out also on the promise that this would never happen again — this was a handshake agreement that didn’t last very long.” According to Flores, staff members who had one overloaded class received $250, while those who had more than one got $500 — this was through the Unfair Labor Practice settlement. In the 2015-16 school year, a moratorium (a temporary prohibition of an activity) on class sizes was granted by the MCDEA to show cooperation with the district, so the budget could get under control, Flores explained. “This grievance will be going through arbitration,” she said. “The compensation was significantly less than previously and they also wanted a moratorium/ clause in our contract that stated no further payments for future violations.” Flores said the district has failed to meet the deadline after two agreements to extend the timeline were granted. “We were very disappointed that the district seems to not take this ongoing issue seriously,” Flores said. “Their offer was not only unacceptable to MCDEA, but is another example of how the district undervalues and disrespects its employees. This is an ongoing problem that needs a permanent solution.”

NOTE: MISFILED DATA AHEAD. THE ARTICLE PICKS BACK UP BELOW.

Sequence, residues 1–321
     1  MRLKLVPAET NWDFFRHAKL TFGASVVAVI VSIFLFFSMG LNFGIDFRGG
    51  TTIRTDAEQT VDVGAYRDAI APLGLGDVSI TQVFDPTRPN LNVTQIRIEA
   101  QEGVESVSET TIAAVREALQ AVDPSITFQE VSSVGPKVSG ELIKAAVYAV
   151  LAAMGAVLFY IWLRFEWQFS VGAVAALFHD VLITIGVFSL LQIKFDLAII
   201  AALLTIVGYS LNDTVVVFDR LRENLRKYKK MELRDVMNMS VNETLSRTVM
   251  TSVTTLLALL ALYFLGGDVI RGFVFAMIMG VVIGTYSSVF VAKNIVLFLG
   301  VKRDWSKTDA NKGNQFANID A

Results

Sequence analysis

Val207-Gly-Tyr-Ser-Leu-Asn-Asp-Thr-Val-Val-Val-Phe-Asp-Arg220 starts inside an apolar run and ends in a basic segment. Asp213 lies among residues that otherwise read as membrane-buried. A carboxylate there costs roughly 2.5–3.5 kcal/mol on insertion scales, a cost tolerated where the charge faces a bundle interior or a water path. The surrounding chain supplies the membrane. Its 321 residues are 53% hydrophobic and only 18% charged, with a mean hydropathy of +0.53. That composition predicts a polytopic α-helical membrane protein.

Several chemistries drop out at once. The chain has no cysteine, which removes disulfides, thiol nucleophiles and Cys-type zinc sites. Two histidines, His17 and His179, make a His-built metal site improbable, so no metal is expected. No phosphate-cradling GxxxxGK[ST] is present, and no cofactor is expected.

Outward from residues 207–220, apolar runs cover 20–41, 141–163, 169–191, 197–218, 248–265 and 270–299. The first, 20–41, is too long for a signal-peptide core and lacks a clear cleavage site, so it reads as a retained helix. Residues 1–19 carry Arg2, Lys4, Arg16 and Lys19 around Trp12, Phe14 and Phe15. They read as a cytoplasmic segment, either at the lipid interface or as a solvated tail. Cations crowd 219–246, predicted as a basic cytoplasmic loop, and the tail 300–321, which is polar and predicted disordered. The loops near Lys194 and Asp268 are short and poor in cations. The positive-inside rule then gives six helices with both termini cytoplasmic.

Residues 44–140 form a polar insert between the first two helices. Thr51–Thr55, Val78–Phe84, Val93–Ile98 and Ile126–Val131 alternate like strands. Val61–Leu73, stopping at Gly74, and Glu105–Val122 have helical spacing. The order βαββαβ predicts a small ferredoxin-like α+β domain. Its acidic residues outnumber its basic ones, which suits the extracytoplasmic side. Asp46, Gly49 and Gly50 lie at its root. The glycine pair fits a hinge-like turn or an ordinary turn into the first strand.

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face re-election. Republicans will grow increasingly timid about anything that might anger voters. GOP PATHWAYS Virtually all Republicans want to get rid of the health law’s mandates that individuals buy coverage or risk IRS fines, and that large employers insure workers. They also want to erase taxes on higher-earning people and the health care sector. And they’d like to retain parts of the law guaranteeing coverage for people with pre-existing medical problems and keeping children under age 26 on family plans. REMAINING QUESTIONS Thirty-one states — including Pence’s Indiana, where he is governor — plus the District of Columbia have expanded Medicaid coverage to 9 million additional people under Obama’s law. Curtailing that program will divide Republicans. Taxing the value of some employer-provided health plans, aimed at curbing the growth of costs, is “a political land mine,” says GOP economist Douglas HoltzEakin. Republicans have long resisted tax increases. Obama’s law mandates coverage for individuals because without that requirement many healthy people would forgo policies, driving up costs for everyone else and destabilizing insurance markets. Ryan has proposed shielding people from higher premiums if they’ve had “continuous coverage,” allowing higher rates for people who have not had policies, but Republicans have yet to decide how to keep insurance markets viable.